Running From Pain?

The Reading from the Holy Gospel according to St. Mark 8:34-9:1

Today’s reading is given to us on this the Third Sunday of Lent. We are now halfway through the Holy 40 days and on this day the Eastern Orthodox Church celebrates the veneration of the cross. In her wisdom the Church brings out the cross on this day as a way to strengthen and empower all her faithful children who are now weary and tired through fasting and prayer.

In today’s reading we hear some of the greatest words of Our Lord Jesus. He says “If any man would come after Me, let him deny himself and take up his cross and follow Me. For whoever would save his life will lose it; and whoever loses his life for My sake and the Gospel’s will save it. For what does it profit a man, to gain the whole world and forfeit his soul? For what can a man give in return for his soul?”

We are constantly reminded by the Lord that the cross is not just for a few chosen individuals. Each and everyone who calls themselves Christian must take up a cross. Since we follow a master who chose the cross, we must also be ready to choose the cross. You know in our society pain is always seen as bad. It is something to be avoided at all costs. But think about what that would mean for us if the Lord Jesus had a similar mentality. It means that He would never have been crucified or suffered for us.

Sometimes I hear that Buddhism is similar to Christianity. But those who have studied them know that there is a great difference. In Buddhism the goal is to avoid suffering. Buddha left his wife and young child because he could not handle what life had dealt him. In Christianity the Lord Jesus did just the opposite. He walked straight into all manner of pain and suffering, proving that He is the real deal and unlike any other so-called religious leaders. He teaches us that we can’t be saved if we run away from the difficult things in life.

In our society we are taught that when marriage is tough, we should run away. When work is tough, we should run away. When my parents are tough on me, I should run away. When my schoolwork is tough, I will run away, I will drop out of school. When my very life is tough, I might even look for a way to run from it.

Let’s stand with Jesus in the garden of Gethsemane and just imagine what would’ve happened if Our Lord said “Crucifixion is tough, I will run away.” It would be a normal, reasonable reaction. We are hardwired to avoid pain and suffering. We are hardwired to do everything possible to protect ourselves. But we stand in admiration and thank God that Our Lord did not do that but He proved just the opposite. If you want to defeat some problems, you don’t run away from them, you confront them as you are. In all your weakness and humility, you faithfully confront the difficult things that come up in life. That even means faithfully confronting ourselves in all our sins, our failures, our imperfections. That is the difference between being cowards and being courageous. It’s the difference between living in the realm of fantasy like an actor or being a real human.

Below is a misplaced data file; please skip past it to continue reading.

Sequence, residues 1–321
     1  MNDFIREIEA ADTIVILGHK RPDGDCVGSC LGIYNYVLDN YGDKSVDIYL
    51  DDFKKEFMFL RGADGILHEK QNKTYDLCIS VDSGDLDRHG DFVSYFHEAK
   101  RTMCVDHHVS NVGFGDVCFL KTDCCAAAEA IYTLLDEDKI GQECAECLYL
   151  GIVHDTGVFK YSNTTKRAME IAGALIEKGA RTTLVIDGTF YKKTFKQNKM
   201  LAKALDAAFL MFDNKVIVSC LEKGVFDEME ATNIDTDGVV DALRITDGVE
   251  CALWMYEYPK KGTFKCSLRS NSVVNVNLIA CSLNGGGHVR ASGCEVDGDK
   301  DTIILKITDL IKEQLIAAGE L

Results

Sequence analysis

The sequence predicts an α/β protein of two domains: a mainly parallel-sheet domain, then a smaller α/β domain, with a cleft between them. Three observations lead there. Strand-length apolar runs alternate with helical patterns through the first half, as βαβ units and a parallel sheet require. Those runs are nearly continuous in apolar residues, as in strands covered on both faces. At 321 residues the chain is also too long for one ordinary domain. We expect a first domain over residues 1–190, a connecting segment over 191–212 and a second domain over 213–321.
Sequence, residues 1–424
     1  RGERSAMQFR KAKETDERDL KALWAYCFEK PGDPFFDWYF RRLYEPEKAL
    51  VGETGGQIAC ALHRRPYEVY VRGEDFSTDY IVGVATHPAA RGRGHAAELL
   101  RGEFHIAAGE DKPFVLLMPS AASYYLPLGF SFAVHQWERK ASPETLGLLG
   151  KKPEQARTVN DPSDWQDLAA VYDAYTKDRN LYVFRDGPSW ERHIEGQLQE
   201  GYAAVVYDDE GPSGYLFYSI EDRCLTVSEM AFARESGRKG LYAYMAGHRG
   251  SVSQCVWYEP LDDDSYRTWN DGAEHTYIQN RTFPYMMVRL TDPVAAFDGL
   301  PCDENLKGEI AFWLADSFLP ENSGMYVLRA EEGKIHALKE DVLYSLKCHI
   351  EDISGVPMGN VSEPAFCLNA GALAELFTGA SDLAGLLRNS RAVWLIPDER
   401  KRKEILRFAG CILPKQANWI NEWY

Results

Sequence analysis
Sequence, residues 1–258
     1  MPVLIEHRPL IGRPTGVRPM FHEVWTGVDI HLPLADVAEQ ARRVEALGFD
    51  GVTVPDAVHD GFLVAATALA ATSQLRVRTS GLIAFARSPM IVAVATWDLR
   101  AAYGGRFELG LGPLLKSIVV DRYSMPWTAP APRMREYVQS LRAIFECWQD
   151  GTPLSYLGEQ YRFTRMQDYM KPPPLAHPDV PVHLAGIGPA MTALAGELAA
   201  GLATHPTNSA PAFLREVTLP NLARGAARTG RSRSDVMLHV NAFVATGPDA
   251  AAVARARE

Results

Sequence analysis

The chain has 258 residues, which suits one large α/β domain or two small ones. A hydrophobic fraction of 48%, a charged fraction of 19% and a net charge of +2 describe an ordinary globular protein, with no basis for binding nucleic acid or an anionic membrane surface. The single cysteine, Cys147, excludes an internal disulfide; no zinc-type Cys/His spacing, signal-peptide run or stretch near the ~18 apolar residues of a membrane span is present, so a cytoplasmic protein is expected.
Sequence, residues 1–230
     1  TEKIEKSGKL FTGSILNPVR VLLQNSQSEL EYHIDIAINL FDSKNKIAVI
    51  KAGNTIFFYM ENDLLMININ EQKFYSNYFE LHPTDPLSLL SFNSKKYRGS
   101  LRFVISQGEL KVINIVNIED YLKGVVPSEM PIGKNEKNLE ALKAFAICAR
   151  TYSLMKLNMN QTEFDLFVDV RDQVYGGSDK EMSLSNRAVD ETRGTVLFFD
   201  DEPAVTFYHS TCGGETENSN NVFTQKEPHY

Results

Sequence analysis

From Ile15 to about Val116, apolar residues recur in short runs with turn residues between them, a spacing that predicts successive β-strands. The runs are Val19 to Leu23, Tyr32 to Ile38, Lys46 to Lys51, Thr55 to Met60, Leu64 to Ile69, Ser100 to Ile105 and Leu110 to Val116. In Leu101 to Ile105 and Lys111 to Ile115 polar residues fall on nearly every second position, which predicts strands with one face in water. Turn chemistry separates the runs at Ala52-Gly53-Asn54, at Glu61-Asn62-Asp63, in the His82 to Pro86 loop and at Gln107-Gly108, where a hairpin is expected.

In this, the halfway point of Lent, as we are hungry and tired and ready for a break, it should seem a bit strange that we celebrate with the cross. The cross is a sign of suffering, shame, ugliness, injustice, weakness and death. In short the cross is a sign of everything that is wrong in the world…but that is not what it means to us. Because the Lord Jesus Christ faithfully confronted the cross, it has been transformed for us. The cross is a now a symbol of beauty, love, faithfulness, hope, joy and even life! “Through the cross is joy come into all the world!”

The cross becomes our strength because through it Jesus made us strong. The cross becomes our life because through it, the Lord defeated death. The cross becomes our one enduring reminder that when the world is a lonely, dark and difficult place, there is still One who loves us and His love never ends. The cross reminds us that when a man is truly weak, God has the power to use his weakness, to make it strength. The Apostle Paul writes that “the message of the cross is foolishness to those who are perishing, but to us who are being saved it is the power of God” 1 Cor 1:18. The power of God is at work in the lives of those who live by the message of the cross! The cross is at work in us even now as we are struggling through the fast. I hope that this is an inspiration for you.

May God bless each of you as you begin the second half of this holy challenge.  Glory be to God forever AMEN.

(Originally preached on March 18, 2012)

Source: Sermons